ACO Algorithms to Solve an Electromagnetic Discrete Optimization Problem.
DOI: 10.5220/0009980001150122
In Proceedings of the 12th International Joint Conference on Computational Intelligence (IJCCI 2020), pages 115-122
ISBN: 978-989-758-475-6
c
115
proposed for continuous optimization problems
(ACOR) (Socha, Dorigo., 2008).
To solve the inverse NDET problem two
approaches will be studied: the first one is based on
an ant algorithm for continuous optimization
(ACOR) and the second is based on an algorithm
designated to combinatorial optimization (MMAS).
To speed up the optimization process and to
avoid getting trapped in local minimum points some
problem specific local search strategies are used to
enhance the ant algorithms when solving the inverse
NDET problem. The influence over the ant based
algorithms performances of the local search
frequency is also studied.
2 THE NDET PROBLEM
2.1 Tested Configuration
The problem used for testing is a slightly different
version of JSAEM (Japan Society for Applied
Electromagnetics) benchmark #2 similar with the
one in (Janousek et al., 2017). The non-magnetic
conductor (
0
) surface is scanned using pancake coil
with a self-induction. The non-magnetic plate (40 x
40 x 1.25 mm
3
) has the conductivity =106 S/m and
contains one crack located in the region
1
(10 x 1 x
1.25 mm
3
) divided uniformly in a grid of cells (13 x
5 x 10) (Figure 1). The cracks are cubes described
by 6 integer parameters, c=[ix
1
, ix
2
, iy
1
, iy
2
, iz, s], the
indices of the first / last cells along x [length] and y
[width], number of cell along z [depth iz], and
conductivity
c
= s % . The crack is considered as
having a uniform conductivity, zero or a percentage
from the plate conductivity.
Figure 1: Conductor plate with a crack.
2.2 ECT Signal Simulation
For the simulation of the ECT signals a fast FEM-
BEM solver is used (Chen et al., 1999) (Rebican et
al., 2006). The simulated ECT signals use a database
generated in advance for cracks with different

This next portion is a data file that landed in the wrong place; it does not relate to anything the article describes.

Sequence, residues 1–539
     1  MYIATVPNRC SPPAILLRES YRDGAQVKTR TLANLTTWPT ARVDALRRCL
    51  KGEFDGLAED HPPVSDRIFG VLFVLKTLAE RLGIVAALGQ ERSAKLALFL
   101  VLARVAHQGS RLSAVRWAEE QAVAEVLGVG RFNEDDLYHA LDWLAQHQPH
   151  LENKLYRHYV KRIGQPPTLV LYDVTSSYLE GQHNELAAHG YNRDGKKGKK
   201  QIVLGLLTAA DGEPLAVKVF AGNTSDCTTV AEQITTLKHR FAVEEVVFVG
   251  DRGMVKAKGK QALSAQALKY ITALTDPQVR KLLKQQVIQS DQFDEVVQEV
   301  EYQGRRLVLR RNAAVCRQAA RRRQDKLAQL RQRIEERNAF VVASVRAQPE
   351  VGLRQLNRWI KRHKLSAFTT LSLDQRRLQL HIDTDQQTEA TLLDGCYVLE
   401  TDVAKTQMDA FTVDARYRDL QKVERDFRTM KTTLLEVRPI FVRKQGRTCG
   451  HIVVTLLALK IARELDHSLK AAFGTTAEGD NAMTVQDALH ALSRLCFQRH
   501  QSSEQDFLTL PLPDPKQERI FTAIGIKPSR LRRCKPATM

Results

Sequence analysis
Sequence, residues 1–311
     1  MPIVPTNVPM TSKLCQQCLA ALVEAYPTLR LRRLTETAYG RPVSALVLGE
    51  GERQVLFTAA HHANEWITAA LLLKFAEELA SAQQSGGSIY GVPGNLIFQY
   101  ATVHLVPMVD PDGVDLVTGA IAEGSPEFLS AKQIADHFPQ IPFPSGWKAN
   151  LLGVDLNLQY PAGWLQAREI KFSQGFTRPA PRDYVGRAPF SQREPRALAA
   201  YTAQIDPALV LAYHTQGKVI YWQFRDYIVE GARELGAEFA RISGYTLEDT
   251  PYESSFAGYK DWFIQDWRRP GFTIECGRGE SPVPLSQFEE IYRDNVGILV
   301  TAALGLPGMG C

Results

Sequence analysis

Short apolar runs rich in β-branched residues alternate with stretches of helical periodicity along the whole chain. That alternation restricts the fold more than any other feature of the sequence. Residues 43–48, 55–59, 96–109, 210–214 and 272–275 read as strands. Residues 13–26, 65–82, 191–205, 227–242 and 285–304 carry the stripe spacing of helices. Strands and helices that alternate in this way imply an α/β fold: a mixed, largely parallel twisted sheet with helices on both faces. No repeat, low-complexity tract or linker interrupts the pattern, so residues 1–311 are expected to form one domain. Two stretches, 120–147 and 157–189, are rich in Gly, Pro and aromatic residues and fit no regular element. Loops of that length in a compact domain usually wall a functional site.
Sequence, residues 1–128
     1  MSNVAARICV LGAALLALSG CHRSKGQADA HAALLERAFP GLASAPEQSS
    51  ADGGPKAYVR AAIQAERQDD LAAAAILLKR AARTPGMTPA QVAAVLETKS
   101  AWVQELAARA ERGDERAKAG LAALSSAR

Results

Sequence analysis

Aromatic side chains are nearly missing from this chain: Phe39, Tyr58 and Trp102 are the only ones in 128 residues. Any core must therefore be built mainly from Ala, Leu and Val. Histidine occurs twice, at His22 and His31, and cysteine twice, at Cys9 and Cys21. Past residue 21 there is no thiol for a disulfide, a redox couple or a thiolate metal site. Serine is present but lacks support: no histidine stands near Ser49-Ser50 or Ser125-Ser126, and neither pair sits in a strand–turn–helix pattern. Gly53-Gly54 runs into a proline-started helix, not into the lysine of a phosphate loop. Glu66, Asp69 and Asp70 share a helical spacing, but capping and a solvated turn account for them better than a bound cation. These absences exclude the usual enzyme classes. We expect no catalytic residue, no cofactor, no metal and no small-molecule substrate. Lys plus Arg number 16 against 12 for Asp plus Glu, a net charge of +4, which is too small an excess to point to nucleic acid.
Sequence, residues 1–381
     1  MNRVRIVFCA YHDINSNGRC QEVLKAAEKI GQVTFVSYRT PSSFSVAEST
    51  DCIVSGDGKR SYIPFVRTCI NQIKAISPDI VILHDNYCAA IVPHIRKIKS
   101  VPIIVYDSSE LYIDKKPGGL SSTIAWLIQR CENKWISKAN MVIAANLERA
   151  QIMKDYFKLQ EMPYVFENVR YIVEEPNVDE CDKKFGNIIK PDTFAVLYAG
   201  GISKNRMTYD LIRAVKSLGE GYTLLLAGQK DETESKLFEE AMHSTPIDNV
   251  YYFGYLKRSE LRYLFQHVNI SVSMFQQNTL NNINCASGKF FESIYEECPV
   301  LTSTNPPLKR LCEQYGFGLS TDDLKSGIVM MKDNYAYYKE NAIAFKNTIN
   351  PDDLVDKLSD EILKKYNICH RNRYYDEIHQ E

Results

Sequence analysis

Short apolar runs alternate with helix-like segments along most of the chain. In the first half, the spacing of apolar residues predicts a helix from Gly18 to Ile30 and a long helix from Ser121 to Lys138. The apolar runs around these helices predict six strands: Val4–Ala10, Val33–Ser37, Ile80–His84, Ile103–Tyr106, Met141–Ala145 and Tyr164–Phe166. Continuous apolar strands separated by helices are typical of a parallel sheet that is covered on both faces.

widths (Yusa et al., 2003), (Chen et al., 2006). To
calculate the ECT signal for a crack with the FEM-
BEM a linear equations system of small dimension
needs to be solved, corresponding to the finite
elements composing the crack. This leads to a
significant computational time decrease.
The optimization problem associated to the
NDET inverse problem has the following objective
function:
∆
∆




(1)
where c is the vector containing the crack
parameters, N
sc
is the scanning points number, and
Z
i
/ Z
i
true
are the simulated / measured coil
impedance variations in the i-th scanning point.
3 ACO ALGORITHMS
3.1 MMAS
The MMAS is an ant colony optimization algorithm
proposed by Stutzle and Hoos which proved its
efficiency on combinatorial optimization problem
such as TSP and QAP (Dorigo et al., 1999). As ACO
optimization algorithms, MMAS is based on the
natural phenomenon of ants forage for food. During
their search path ants create tours (graphs) on which
they deposit a substance called pheromone. An ant
movement along the edges of the graph is a
probabilistic decision based on the pheromone
information.
In practice MMAS is implemented as an iterative
stochastic algorithm with the next stages:
pheromone initialisation, tour (solution) construction
and evaluation, local search, pheromone
evaporation, pheromone deposit on the best global
route, pheromone limitation, and if necessary
pheromone reinitialization. The pseudocode of the
algorithm is as follows:
Ω
0
y
Scanning
x
Pancake coil
Ω
1
n
1
2
Crack
n
y
12
x
1
z
n
ECTA 2020 - 12th International Conference on Evolutionary Computation Theory and Applications
116
;initialize pheromones table
do
foreach ant of the colony
;construct solution
;evaluate solution
end for
;local search
;evaporate pheromones